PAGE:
I have very limited experience with them. When my husband was growing up in the Bay Area, they had plants in their back yard. He doesn’t know how to cook them (I’m assuming steaming but I do also have an unused Instant Pot) and he remembers what I’m thinking is a very lemony aioli. Besides the IP, I have a gas range and a large pot with a steamer basket as well as a Big Green Egg. 
 

   Any advice for a beginner? I know I can consult cookbooks but you all are likely to have tricks, tips and hints to make this better, easier and tastier! 
 

 

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I trim the sharp points of artichokes with scissors and then boil or steam them.  Richard Olney states:  "Do not steam" but he took his reason to the grave.

 

After eating the tender bottom of the leaves I take a knife and cut out the choke.  You would not want to eat the choke.

 

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I just take a large serrated knife and cut cross top. I think the phrasing is not "you would not want to eat the choke" more like you would choke on the the choke ;) And if you were ever able to grow them - let a few bloom - they are magnificent 

My moms first artichoke flower! I had no idea these delicious little things  could bloom this beautifully. I'm eating the next one though. : gardening

 

 

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So many ways to cook an artichoke; I'm particularly fond of one of the Roman methods; it's called, strangely enough, carciofi alla Romana.

 

Here's a Serious Eats method...https://www.seriouseats.com/recipes/2017/10/carciofi-alla-romana-roman-italian-braised-artichoke-recipe.html

 

They are indeed beautiful plants; here's a few in a field right on the coast south of San Francisco...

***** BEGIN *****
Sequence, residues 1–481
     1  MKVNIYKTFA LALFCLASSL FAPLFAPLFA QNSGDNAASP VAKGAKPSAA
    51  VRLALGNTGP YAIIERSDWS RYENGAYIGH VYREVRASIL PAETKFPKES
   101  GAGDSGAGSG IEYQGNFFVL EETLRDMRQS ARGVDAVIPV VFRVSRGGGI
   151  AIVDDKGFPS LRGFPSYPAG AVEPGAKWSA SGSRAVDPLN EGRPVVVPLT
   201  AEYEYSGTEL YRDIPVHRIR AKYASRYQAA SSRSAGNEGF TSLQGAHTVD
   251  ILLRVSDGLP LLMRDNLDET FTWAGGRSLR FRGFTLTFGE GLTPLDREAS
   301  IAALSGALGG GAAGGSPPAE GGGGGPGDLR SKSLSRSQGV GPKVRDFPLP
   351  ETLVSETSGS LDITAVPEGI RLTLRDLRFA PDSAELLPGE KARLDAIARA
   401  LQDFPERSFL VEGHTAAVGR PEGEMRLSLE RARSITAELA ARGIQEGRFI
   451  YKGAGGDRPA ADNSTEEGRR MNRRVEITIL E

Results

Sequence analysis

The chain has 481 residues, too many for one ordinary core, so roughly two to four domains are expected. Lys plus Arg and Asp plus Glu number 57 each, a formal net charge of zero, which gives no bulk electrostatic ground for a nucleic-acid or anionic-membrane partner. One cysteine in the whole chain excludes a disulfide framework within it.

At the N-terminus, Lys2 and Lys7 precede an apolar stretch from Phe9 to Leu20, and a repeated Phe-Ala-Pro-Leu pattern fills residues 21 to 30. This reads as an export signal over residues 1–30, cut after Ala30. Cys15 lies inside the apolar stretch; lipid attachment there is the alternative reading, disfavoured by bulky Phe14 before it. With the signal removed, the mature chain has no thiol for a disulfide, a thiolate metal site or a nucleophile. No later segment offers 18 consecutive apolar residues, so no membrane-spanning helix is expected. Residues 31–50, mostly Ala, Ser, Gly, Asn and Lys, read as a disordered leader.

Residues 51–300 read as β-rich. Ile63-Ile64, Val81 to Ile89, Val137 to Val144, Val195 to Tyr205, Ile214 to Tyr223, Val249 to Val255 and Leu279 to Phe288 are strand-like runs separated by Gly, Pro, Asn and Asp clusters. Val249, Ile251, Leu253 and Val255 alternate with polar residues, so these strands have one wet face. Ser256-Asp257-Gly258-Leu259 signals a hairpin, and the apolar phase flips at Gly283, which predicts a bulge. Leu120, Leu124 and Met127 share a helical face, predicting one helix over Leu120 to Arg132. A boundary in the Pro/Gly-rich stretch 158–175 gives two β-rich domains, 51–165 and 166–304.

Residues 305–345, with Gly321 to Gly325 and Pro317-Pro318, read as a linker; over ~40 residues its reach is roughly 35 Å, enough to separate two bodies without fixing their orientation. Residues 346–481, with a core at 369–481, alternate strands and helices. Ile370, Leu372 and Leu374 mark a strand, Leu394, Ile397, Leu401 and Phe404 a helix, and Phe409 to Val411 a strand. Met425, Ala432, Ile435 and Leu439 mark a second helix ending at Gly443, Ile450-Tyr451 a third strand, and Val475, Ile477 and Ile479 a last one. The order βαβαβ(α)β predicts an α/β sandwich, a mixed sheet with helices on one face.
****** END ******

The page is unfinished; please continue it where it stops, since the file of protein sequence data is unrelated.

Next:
270716135_2011_05_31ArtichokePlant.jpg.e0ac95a50fc7e18f8633459e90992b53.jpg

 

And a classic trivia question is who was the first artichoke queen at the festival in Castroville?

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Mitch Weinstein aka "weinoo"

Tasty Travails - My Blog

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Was it you baby...or just a Brilliant Disguise?

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15 minutes ago, weinoo said:

So many ways to cook an artichoke; I'm particularly fond of one of the Roman methods; it's called, strangely enough, carciofi alla Romana.

 

Here's a Serious Eats method...https://www.seriouseats.com/recipes/2017/10/carciofi-alla-romana-roman-italian-braised-artichoke-recipe.html

 

They are indeed beautiful plants; here's a few in a field right on the coast south of San Francisco...

 

And a classic trivia question is who was the first artichoke queen at the festival in Castroville?

 

Well, it sure wasn't Castro!

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...your dancing child with his Chinese suit.

 

The Kitchen Scale Manifesto

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7 hours ago, heidih said:

I just take a large serrated knife and cut cross top. I think the phrasing is not "you would not want to eat the choke" more like you would choke on the the choke ;) And if you were ever able to grow them - let a few bloom - they are magnificent 

My moms first artichoke flower! I had no idea these delicious little things  could bloom this beautifully. I'm eating the next one though. : gardening

 

 

 

I approve of the bottle tree, too.

 

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Don't ask. Eat it.

www.kayatthekeyboard.wordpress.com

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I grew up  in artichoke country + plants in backyard, etc     Until recently I have soaked them raw in salt water, to encourage any critters to exit, used kitchen shears to cut off barb on each leaf, boiled them in salted water, serve with mayo or aioli.

 

In modern times, I simply rinse them and boil in fresh water.    Like last night796184232_ScreenShot2020-09-09at8_27_11AM.thumb.png.0dfbc7ff8a03e15198c70572c4da9ae7.png

 

Trimmed with aioli  

33312133_ScreenShot2020-09-09at8_49_47AM.png.a3c6417a2a98c8df81068bb8b8250b5f.png

 

Edited by Margaret Pilgrim (log)
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eGullet member #80.

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26 minutes ago, kayb said:

 

I approve of the bottle tree, too.